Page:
Seoul city mayor found dead - UPDATED

  09 July 2020    Read: 1067
Seoul city mayor found dead - UPDATED

Seoul City Mayor Park Won-soon was found dead on Friday, South Korea’s Yonhap news agency reported, after his daughter reported him missing a day earlier.

The Seoul Metropolitan Police Agency found his body at Mt Bugak in northern Seoul, near where his phone signal was last detected during a late night search, Yonhap said.

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Seoul mayor missing, his phone turned off, search underway

Authorities searched on Thursday for the mayor of South Korea’s capital, Seoul, who vanished amid sexual harassment allegations after giving his daughter a message that she described as sounding like a will, police said.

Police said they were looking for Mayor Park Won-soon near a small hill in Seoul’s Sungbuk neighborhood where his cellphone signal was last detected. They said the phone was currently turned off.

His daughter called police on Thursday afternoon and said her father had given her “a will-like” verbal message before leaving their home about 4-5 hours earlier. The daughter didn’t explain the contents of the message, said an officer at the Seoul Metropolitan Police Agency who was responsible for the search operation.

His daughter said she decided to call police because she couldn’t reach her father on the phone, the officer said, requesting anonymity because she was not authorized to speak to the media about the matter.

About 700 officers, three drones and four police dogs were mobilized in the search, according to police.

Kim Ji-hyeong, a Seoul Metropolitan Government official, said Park had not shown up for work on Thursday for unspecified reasons and had canceled all of his schedule, including a meeting with a presidential official at his Seoul City Hall office.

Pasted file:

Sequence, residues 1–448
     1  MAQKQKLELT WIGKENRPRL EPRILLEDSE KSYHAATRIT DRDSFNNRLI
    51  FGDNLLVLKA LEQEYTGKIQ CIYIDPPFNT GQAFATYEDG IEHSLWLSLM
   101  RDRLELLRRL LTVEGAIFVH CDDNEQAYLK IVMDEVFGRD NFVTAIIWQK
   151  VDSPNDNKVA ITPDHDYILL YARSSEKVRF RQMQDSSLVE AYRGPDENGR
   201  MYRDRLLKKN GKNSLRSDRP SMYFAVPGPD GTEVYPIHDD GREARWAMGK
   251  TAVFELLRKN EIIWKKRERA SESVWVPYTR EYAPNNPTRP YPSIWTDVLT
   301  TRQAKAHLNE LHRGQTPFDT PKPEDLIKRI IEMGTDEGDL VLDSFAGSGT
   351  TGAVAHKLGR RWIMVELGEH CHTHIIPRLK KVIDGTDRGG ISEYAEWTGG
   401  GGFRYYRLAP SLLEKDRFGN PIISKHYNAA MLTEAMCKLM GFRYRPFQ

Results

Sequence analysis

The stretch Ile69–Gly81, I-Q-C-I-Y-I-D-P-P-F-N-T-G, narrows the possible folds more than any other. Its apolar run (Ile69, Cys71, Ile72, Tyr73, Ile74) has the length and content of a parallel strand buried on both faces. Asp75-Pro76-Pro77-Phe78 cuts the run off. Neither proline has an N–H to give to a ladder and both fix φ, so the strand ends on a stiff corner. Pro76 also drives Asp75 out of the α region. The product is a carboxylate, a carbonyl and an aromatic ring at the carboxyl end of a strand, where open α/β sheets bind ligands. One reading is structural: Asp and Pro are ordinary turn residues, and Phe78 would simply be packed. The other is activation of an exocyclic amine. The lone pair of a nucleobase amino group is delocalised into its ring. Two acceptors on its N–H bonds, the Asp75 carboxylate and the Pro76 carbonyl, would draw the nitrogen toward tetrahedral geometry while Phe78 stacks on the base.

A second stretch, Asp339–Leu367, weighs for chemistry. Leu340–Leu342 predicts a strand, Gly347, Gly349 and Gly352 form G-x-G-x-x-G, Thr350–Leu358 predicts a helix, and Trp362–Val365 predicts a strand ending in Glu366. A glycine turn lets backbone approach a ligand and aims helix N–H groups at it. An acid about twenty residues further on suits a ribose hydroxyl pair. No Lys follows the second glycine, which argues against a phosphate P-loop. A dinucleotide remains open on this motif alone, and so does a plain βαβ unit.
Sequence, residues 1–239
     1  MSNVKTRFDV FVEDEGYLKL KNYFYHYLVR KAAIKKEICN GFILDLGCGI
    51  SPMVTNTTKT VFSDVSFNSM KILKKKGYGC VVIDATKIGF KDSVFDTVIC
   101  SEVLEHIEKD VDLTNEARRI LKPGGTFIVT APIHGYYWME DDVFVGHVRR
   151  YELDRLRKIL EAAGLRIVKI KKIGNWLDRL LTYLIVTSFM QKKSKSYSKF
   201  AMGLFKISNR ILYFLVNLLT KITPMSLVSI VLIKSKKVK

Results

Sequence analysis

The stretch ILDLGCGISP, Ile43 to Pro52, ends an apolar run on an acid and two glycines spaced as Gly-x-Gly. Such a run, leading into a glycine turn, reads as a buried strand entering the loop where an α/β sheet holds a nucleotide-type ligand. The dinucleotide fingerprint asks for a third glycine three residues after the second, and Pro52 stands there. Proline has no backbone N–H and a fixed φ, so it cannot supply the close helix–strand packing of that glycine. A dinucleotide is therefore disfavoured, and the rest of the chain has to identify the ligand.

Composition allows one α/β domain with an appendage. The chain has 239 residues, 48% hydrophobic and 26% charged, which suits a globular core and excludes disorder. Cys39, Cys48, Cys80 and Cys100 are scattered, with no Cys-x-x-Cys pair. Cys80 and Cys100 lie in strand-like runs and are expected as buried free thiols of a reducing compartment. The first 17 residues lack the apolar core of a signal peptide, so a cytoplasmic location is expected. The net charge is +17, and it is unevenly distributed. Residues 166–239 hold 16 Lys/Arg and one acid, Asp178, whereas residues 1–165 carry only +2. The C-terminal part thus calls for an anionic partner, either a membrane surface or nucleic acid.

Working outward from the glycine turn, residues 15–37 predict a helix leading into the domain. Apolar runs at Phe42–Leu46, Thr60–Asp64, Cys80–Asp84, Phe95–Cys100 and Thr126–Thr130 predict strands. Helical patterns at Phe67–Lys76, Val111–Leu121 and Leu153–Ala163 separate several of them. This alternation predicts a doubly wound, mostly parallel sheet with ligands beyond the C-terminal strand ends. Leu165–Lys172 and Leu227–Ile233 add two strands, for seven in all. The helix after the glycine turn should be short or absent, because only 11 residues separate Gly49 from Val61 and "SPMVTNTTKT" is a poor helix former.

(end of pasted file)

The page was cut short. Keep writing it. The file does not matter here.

The reason for Park’s disappearance wasn’t clear. The Seoul-based SBS television network reported that one of Park’s secretaries had lodged a complaint with police on Wednesday night over alleged sexual harassment such as unwanted physical contact that began in 2017. The SBS report, which didn’t cite any source, said the secretary told police investigators that an unspecified number of other female employees at Seoul City Hall had suffered similar sexual harassment by Park.

MBC television carried a similar report.

Both the Seoul Metropolitan Police Agency and Park’s office said they couldn’t confirm the reports.

Park, a longtime civic activist and human rights lawyer, was elected Seoul mayor in 2011. He became the city’s first mayor to be voted into a third term in June last year. A member of President Moon Jae-in’s liberal Democratic Party, he has been considered a potential presidential candidate in 2022 elections.

Park has mostly maintained his activist colors as mayor, criticizing what he described as the country’s growing social and economic inequalities and corrupt ties between large businesses and politicians.

As a lawyer, he was credited for winning the country’s first sexual harassment conviction. He has also been an outspoken critic of Japan's colonial-era policies toward Korea, including the mobilization of Korean and other women as sex slaves for Japanese soldiers.

Park also established himself as a fierce opponent of former conservative President Park Geun-hye and openly supported the millions of people who flooded the city’s streets in late 2016 and 2017, calling for her ouster over a corruption scandal.

Park Geun-hye, a daughter of late authoritarian leader Park Chung-hee, was formally removed from office in March 2017 and is currently serving a decades-long prison term on bribery and other charges.

Seoul, a city of 10 million people, has been a new center of the coronavirus outbreak in South Korea since the country eased its rigid social distancing rules in early May. Authorities are struggling to trace contacts amid surges in cases linked to nightclubs, church services, a huge e-commerce warehouse and door-to-door sellers in Seoul.

Park Won-soon has led an aggressive anti-virus campaign, shutting down thousands of nightspots and banning rallies in major downtown streets.

 

ABC news


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